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Nazki bids adieu to Bombay high court

Friday, 13 November 2009 - 3:51am IST | Agency: DNA
Known to Mumbai as the whip-cracking judge who set several things straight, justice Bilal Nazki of the Bombay high court was promoted and transferred as the chief justice of the Orissa high court on Thursday.

Known to Mumbai as the whip-cracking judge who set several things straight, justice Bilal Nazki of the Bombay high court was promoted and transferred as the  chief justice of the Orissa high court on Thursday.

Nazki who is due for retirement on November 18 will assume the chief justice’s office in Cuttack on November 14. Nazki, born on November 18, 1947, in Srinagar, Jammu & Kashmir, obtained his law degree in 1973 from the Aligarh Muslim University. After working as the advocate general of J&K, he became a judge of the J&K high court. He was transferred to the Andhra Pradesh high court in 1997 and then to the Bombay high court in January 2008.

During his tenure in the Bombay high court, Nazki heard and decided several prominent cases, including the Sion Hospital baby theft, the appeal of paedophilia accused Duncan Grant and Allan Waters, the rise in the number of missing persons in the state, a PIL for the implementation of the Traffic Restraint System, and the latest being the Altaf Sheikh custodial death where he dispensed justice in just five days.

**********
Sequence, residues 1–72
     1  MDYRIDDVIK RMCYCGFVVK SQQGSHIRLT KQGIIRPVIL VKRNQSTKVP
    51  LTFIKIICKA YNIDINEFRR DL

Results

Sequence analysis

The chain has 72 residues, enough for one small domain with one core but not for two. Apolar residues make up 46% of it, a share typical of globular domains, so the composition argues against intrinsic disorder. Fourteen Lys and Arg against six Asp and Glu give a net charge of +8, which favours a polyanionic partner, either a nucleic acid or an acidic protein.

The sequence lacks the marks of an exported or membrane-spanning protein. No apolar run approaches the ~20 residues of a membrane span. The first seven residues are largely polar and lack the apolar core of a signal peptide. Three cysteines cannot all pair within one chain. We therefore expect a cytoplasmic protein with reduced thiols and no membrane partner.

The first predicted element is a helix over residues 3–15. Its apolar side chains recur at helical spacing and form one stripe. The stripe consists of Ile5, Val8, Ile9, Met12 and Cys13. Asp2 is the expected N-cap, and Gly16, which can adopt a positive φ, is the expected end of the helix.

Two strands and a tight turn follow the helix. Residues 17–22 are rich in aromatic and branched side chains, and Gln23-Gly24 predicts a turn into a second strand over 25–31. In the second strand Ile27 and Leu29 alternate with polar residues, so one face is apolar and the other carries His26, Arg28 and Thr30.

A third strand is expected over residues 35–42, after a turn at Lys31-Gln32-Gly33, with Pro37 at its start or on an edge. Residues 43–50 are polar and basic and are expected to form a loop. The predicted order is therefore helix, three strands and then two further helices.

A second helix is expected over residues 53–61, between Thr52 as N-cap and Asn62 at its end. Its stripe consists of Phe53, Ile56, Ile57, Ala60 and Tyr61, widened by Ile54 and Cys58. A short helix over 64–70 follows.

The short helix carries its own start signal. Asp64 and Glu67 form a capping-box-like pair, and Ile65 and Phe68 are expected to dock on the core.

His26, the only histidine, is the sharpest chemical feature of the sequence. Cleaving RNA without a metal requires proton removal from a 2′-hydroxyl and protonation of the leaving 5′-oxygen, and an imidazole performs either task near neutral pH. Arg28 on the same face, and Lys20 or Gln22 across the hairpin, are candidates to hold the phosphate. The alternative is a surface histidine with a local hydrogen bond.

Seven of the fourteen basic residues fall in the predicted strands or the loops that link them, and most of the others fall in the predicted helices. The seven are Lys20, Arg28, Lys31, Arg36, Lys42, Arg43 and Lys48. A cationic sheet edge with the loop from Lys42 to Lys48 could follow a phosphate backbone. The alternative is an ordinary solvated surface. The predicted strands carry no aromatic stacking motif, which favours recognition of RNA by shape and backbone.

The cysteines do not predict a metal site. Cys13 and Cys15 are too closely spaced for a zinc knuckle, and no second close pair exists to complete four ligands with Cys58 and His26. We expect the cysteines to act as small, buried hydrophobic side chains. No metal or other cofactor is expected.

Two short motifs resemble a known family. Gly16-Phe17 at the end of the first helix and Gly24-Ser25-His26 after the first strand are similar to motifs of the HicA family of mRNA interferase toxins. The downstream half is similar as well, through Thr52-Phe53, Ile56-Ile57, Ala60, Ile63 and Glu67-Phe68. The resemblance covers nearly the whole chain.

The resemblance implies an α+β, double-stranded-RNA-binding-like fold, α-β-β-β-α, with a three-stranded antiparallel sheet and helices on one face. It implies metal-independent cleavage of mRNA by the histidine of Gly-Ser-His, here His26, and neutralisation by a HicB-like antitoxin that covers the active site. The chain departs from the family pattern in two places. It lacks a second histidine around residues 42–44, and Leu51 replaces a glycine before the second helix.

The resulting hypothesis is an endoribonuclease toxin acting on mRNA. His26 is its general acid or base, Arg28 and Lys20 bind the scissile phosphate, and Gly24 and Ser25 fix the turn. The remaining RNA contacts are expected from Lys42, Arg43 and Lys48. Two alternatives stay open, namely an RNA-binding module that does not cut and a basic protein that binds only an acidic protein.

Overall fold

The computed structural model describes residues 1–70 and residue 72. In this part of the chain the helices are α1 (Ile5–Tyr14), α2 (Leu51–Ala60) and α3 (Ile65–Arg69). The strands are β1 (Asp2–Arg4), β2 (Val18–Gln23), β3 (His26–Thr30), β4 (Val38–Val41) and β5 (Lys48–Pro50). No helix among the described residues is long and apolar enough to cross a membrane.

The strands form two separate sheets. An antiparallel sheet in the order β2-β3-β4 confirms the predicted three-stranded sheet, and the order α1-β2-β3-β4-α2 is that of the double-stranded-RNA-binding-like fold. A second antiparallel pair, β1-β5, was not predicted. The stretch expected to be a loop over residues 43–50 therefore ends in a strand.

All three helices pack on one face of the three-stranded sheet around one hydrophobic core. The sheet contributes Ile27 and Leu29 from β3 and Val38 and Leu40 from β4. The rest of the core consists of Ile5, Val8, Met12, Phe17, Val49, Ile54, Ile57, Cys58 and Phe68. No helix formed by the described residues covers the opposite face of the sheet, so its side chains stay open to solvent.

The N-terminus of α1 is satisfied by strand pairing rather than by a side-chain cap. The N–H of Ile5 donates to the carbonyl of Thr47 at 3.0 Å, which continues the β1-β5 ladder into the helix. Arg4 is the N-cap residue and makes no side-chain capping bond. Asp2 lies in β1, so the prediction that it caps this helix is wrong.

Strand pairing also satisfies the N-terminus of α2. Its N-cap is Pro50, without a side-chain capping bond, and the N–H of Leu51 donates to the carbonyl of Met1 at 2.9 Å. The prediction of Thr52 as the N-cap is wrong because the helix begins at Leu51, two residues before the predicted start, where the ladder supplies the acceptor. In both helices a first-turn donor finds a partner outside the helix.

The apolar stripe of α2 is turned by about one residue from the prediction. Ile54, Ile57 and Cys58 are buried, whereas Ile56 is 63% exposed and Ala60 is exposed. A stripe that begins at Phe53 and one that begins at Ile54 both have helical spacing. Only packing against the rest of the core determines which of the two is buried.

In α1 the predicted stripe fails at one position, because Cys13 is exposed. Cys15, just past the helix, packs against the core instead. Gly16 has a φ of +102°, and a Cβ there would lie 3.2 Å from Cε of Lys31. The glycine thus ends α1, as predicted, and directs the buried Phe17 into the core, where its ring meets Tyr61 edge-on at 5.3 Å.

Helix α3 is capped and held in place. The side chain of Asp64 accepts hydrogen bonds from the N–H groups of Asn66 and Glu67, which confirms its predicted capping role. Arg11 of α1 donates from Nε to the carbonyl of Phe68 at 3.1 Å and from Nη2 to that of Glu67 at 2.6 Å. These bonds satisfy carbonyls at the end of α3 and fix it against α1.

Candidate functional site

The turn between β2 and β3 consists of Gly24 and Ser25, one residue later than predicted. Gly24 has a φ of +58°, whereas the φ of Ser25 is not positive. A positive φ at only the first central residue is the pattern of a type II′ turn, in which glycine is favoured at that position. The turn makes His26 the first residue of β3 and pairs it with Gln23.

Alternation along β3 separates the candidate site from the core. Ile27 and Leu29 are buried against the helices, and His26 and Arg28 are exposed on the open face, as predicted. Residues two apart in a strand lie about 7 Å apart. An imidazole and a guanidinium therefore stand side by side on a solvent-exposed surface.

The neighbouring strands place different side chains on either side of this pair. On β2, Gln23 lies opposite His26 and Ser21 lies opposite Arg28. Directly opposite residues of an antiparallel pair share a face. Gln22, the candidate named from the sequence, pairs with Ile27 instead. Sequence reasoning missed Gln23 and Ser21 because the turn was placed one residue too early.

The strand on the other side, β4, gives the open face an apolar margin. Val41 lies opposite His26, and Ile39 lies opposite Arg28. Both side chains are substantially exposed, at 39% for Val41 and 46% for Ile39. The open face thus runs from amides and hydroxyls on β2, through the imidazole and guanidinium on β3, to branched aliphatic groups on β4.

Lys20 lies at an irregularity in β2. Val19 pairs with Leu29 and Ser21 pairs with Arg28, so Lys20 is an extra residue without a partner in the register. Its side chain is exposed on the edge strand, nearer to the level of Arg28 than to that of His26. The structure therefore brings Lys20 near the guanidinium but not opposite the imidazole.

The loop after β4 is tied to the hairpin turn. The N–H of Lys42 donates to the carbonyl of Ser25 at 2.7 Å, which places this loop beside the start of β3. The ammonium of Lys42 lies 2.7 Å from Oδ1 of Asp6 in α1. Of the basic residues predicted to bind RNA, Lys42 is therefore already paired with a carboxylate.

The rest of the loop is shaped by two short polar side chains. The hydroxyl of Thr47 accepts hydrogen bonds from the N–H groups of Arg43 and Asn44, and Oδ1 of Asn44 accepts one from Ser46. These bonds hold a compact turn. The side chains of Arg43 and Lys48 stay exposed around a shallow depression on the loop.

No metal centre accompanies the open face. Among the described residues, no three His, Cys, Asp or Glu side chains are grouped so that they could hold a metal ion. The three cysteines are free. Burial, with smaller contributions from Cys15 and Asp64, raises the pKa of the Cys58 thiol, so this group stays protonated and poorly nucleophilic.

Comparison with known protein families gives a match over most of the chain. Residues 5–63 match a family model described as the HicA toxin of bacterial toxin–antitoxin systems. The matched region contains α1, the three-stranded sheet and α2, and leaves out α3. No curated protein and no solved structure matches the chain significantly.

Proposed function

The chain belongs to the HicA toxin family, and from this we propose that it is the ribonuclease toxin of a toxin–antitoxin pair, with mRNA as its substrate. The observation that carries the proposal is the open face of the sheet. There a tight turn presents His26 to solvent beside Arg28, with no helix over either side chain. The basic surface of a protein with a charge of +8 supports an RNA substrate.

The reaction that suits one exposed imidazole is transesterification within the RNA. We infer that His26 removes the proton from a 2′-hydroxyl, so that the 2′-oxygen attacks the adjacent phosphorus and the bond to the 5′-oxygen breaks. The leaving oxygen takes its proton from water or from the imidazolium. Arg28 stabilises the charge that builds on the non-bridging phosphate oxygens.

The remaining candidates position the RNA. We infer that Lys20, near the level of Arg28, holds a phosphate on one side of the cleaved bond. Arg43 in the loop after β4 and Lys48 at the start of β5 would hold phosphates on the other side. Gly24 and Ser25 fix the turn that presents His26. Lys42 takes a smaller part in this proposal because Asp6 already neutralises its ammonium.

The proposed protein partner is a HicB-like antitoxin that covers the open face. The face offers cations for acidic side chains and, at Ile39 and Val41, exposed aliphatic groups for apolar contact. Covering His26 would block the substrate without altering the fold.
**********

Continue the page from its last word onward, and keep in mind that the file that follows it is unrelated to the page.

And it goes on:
His “no-nonsense” attitude may have given many a police officer sleepless nights. But mothers like Preeti Chugh from Ulhasnagar will always be grateful to Nazki.

Chugh’s 4-year-old son was missing for nine months. He was found within 10 days after Nazki roped in former director general of police SS Virk for the job. When Virk appeared before the court, Nazki had said, “Sometimes we are ashamed that we are not able to help people. What is the use of our privileges? What is the use of you being the DGP and me being a judge if we can’t help?”

The acquittal of Grant and Waters who were convicted by a trial court for paedophilia led to a public outcry. Nazki, however, took it in his stride. At a seminar he said, “The court goes only by the evidence before it. If the prosecution has not produced enough evidence to convict a man, how can the court send him behind bars?”

The judge who came across to most as “humane” has led no ordinary life. In 1991, while he was an advocate in the J&K high court, Nazki was kidnapped and kept in captivity by a militant outfit. The militants shot him while he was trying to escape. Despite five bullet injuries, Nazki ran 6km to a hospital, and miraculously survived.

His absence in court room 40 — earlier occupied by another firebrand, justice RM Lodha, now a Supreme Court judge — will be felt not only by lawyers but also litigants and court staff members.




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